NFP React: Big payrolls miss, Stocks pare losses, USD lower

It seems the US economy isn’t just yet getting closer to reaching substantial progress with the labor market recovery.  The US economy added only 235,000 jobs in August and the unemployment rate declined to 5.2%.  The prior month was revised higher from 943,000 to 1.053 million, which kind of takes away some of the ugliness from the headline miss.  Job growth is moderating, but the economy is still headed in the right direction.  Today’s jobs miss is mostly about the delta variant and this short-term slowdown in the economy is still widely expected to be temporary.

Fed officials were eagerly awaiting this report and now the hawks will need to wait to see more data.  Average hourly earnings rose more than expected, but that may be more attributed to more business professionals getting hired this month versus lower paying food services and drinking places jobs.

The labor participation rate remained unchanged at 61.7% and that will disappoint Fed hawks that were looking to claim further that the labor market recovery is now delivering further substantial progress.

Job growth is moderating, but Wall Street still believes this is a strong labor market. The delta variant impact on hiring and the services sector will be transitory, which means a couple more months of noisy economic readings.  The S&P 500 index didn’t know what to do with this lackluster NFP report.  US stocks struggled to hold onto earlier gains on concerns the labor market recovery will struggle as economic growth dramatically slows down this quarter, inflation stays high, and a bumpy approval for the Democrats $3.5 trillion spending plan.

Stocks eventually drifted lower on concerns the impact of delta variant could weigh on the consumer, Chinese stocks continue to battle a plethora of regulatory hurdles, and inflationary fears are intensifying.

FX/Treasury yields

Treasury yields went on a rollercoaster ride after a disappointing labor market report.  Initially, Treasury tumbled along with the dollar given the slowdown in hiring that cemented the view that the Fed is not any closer to making a tapering announcement.  After processing the entire wrath of economic data, the Treasury yield curve steepened after a massive move higher in average hourly earnings, raising the risk that inflationary pressures are growing.  The 10-year Treasury rose 3.9 basis points to 1.322%.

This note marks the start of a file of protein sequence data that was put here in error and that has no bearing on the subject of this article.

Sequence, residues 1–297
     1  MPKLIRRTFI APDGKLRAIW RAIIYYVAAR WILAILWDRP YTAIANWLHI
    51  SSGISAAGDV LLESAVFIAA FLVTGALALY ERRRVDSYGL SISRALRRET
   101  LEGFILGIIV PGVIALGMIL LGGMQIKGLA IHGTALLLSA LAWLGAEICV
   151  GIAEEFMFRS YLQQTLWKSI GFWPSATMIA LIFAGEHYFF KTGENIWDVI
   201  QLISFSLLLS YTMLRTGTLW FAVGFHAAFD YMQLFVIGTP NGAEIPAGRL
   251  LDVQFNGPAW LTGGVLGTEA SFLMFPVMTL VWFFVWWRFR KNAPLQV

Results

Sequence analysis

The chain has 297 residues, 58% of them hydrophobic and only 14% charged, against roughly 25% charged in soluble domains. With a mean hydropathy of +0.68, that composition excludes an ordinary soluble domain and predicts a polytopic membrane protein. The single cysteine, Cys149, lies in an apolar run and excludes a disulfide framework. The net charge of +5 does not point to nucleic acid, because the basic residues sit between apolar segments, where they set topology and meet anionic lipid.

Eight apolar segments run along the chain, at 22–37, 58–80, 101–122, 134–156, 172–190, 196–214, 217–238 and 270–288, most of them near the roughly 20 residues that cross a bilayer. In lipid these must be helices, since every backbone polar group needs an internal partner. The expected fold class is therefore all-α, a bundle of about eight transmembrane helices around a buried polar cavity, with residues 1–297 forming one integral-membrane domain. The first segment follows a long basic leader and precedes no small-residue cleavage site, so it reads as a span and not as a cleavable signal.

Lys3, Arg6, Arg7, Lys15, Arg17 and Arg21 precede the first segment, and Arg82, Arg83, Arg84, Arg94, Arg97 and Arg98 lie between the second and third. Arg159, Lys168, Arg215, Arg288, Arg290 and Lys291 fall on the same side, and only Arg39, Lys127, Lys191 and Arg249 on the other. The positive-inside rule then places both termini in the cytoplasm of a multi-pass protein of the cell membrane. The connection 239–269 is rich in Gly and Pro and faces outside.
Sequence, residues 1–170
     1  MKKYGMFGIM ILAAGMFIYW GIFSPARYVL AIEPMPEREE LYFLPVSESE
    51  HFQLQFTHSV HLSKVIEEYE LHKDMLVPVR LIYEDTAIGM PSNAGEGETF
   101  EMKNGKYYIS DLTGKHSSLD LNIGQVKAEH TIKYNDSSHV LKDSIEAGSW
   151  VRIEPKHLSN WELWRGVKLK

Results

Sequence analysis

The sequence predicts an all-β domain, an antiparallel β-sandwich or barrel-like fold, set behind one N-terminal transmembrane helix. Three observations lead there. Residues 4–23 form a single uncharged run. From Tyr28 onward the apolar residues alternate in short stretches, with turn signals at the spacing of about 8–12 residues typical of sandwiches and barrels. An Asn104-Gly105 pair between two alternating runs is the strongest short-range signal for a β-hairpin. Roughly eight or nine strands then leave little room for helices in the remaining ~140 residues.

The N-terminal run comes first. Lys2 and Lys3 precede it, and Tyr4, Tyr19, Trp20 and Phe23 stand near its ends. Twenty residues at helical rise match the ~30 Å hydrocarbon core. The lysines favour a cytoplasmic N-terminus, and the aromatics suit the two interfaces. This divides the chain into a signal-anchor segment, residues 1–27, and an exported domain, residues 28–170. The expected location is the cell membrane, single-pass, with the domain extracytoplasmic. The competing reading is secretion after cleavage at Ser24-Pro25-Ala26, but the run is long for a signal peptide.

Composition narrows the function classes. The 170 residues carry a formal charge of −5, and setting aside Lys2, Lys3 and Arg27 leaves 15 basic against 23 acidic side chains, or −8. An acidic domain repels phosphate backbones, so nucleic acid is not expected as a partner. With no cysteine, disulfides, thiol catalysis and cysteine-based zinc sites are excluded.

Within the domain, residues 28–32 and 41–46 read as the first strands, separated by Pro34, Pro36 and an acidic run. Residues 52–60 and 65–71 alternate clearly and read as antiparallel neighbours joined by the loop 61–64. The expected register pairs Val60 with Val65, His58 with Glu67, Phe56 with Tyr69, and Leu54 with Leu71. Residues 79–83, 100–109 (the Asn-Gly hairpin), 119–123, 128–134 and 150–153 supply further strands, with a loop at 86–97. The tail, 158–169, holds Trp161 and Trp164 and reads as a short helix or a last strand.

This article is for general information purposes only. It is not investment advice or a solution to buy or sell securities. Opinions are the authors; not necessarily that of OANDA Corporation or any of its affiliates, subsidiaries, officers or directors. Leveraged trading is high risk and not suitable for all. You could lose all of your deposited funds.

Ed Moya

Ed Moya

Senior Market Analyst, The Americas at OANDA
With more than 20 years’ trading experience, Ed Moya is a senior market analyst with OANDA, producing up-to-the-minute intermarket analysis, coverage of geopolitical events, central bank policies and market reaction to corporate news. His particular expertise lies across a wide range of asset classes including FX, commodities, fixed income, stocks and cryptocurrencies. Over the course of his career, Ed has worked with some of the leading forex brokerages, research teams and news departments on Wall Street including Global Forex Trading, FX Solutions and Trading Advantage. Most recently he worked with, where he provided market analysis on economic data and corporate news. Based in New York, Ed is a regular guest on several major financial television networks including CNBC, Bloomberg TV, Yahoo! Finance Live, Fox Business and Sky TV. His views are trusted by the world’s most renowned global newswires including Reuters, Bloomberg and the Associated Press, and he is regularly quoted in leading publications such as MSN, MarketWatch, Forbes, Breitbart, The New York Times and The Wall Street Journal. Ed holds a BA in Economics from Rutgers University.
Ed Moya